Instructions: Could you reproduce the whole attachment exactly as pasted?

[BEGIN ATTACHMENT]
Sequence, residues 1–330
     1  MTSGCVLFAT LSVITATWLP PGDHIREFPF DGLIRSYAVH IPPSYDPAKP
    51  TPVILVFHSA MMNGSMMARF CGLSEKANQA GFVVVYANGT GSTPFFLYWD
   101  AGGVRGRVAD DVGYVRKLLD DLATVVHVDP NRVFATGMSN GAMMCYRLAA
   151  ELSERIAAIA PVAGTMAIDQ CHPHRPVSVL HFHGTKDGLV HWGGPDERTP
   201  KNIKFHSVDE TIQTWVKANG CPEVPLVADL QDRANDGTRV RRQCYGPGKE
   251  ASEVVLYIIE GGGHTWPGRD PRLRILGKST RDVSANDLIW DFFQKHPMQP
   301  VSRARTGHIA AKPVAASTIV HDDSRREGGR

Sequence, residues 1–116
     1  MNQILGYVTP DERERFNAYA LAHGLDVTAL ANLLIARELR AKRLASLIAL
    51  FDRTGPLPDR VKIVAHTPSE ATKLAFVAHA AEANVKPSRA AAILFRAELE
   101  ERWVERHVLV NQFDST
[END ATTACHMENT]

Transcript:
Sequence, residues 1–330
     1  MTSGCVLFAT LSVITATWLP PGDHIREFPF DGLIRSYAVH IPPSYDPAKP
    51  TPVILVFHSA MMNGSMMARF CGLSEKANQA GFVVVYANGT GSTPFFLYWD
   101  AGGVRGRVAD DVGYVRKLLD DLATVVHVDP NRVFATGMSN GAMMCYRLAA
   151  ELSERIAAIA PVAGTMAIDQ CHPHRPVSVL HFHGTKDGLV HWGGPDERTP
   201  KNIKFHSVDE TIQTWVKANG CPEVPLVADL QDRANDGTRV RRQCYGPGKE
   251  ASEVVLYIIE GGGHTWPGRD PRLRILGKST RDVSANDLIW DFFQKHPMQP
   301  VSRARTGHIA AKPVAASTIV HDDSRREGGR

Sequence, residues 1–116
     1  MNQILGYVTP DERERFNAYA LAHGLDVTAL ANLLIARELR AKRLASLIAL
    51  FDRTGPLPDR VKIVAHTPSE ATKLAFVAHA AEANVKPSRA AAILFRAELE
   101  ERWVERHVLV NQFDST